With the end of the school year fast approaching, now is the golden hour to get summer camps booked. After all, it’s only a matter of time before the kids are home for good.
For families with children with autism, finalizing summer plans can be an extra challenge, especially when it comes to finding programs that are just as fun as they are supportive. Luckily, the Hudson Valley and Westchester are packed to the brim with options.
Browse through our list to find the perfect fit for your little one this summer.
Camp Hidden Valley, a division of the Fresh Air Fund, hosts a combined program for boys and girls with and without special needs at its Hudson Highlands site. Children ages 8 to 12 can find commonalities as they create art, explore nature, and experience the great outdoors.
Length: 12 days
This High Falls camp runs week-long programs that center around kid-friendly themes. Campers can enter a fantasy world for animation week, grab their favorite books for storybooks week, or explore the galaxy for High Falls Stars week. The camp operates on a therapeutic programming model to positively challenge students and promote trust and cooperation.
High Falls; 855.707.2267
Length: 1 week
Coarc, the Columbia County disabilities support program, holds its summer fun camp out of a pavilion space in Copake. Children ages 5 to 16 can celebrate a theme, which changes every year, while playing board games, crafting, or playing soccer and basketball. In order to participate, youngsters must live in Columbia County, have an Individual Education Plan, and be eligible for developmental disabilities funded services.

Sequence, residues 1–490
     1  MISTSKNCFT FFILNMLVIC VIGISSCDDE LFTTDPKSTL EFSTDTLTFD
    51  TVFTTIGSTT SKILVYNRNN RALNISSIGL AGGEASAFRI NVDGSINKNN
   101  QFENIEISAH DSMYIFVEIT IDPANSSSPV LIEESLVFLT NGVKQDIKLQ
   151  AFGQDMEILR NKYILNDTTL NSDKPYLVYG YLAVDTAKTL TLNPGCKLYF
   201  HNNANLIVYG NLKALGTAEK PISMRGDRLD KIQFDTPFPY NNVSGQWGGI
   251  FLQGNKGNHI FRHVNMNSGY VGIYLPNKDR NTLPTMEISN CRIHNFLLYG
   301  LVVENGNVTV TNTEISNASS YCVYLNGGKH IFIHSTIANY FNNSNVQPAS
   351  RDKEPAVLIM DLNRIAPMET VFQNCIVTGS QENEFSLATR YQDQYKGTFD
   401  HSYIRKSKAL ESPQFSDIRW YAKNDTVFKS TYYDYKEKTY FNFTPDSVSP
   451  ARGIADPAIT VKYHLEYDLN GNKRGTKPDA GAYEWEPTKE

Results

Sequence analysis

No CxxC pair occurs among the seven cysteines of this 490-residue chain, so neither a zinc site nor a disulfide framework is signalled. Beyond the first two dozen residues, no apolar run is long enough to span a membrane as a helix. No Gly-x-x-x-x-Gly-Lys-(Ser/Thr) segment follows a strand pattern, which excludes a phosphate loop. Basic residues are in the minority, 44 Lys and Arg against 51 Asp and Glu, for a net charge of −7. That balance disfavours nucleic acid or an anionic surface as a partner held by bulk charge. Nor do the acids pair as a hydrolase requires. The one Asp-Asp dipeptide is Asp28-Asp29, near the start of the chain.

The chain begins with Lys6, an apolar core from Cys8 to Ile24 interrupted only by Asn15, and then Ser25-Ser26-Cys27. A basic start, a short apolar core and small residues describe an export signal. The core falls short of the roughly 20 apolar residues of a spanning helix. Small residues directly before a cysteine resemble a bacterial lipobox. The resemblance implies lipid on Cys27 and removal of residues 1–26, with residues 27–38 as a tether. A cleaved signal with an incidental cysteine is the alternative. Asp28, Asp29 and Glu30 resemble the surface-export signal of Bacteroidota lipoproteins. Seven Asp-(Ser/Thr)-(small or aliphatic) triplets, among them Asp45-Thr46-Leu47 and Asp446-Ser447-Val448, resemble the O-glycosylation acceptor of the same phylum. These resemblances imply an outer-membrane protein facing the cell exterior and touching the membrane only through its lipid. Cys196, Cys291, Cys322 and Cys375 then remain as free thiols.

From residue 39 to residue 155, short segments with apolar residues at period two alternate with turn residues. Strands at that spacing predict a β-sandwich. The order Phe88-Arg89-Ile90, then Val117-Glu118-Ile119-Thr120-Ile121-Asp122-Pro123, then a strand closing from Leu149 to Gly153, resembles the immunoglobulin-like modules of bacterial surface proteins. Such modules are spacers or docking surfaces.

Length: 4 weeks
Kids can roam free across Camp Ramapo’s 250-acre campus in Rhinebeck. Open to little ones between the ages of 6 and 16, Ramapo works with children affected by social, emotional, and learning challenges to build relationships, improve self-confidence, and have fun. Uniquely, the camp maintains a 1:1 staff to camper ratio, which means each child gets hands-on attention. There is also a teen leadership program for 14- to 16-year-olds who seek to gain more independence and responsibilities.
Length: Varied, 1-9 week session options
Camp Sunrise, Camp Warwick’s programming for individuals with special needs, caters to people ages 8 to 55. Each session runs for a week in June or July. During that time, campers test out a variety of community activities, such as hiking, bowling, and dancing. More activities include picnicking at Wawayanda State Park and a drive-in movie.
Length: 1 week
Since 1965, Clover Patch Camp has made a name for itself as a summer hub for individuals with disabilities. The Glenville site includes trails, cabin lodging, and a heated swimming pool to help campers make the most of their days. Clover Patch also offers Camp Spectacular, a day camp option for children with autism spectrum disorders. The camp maintains a 2:1 camper to counselor ratio.
Type: Residential and commuter
Length: 6 days for residential session or 4 days for commuter session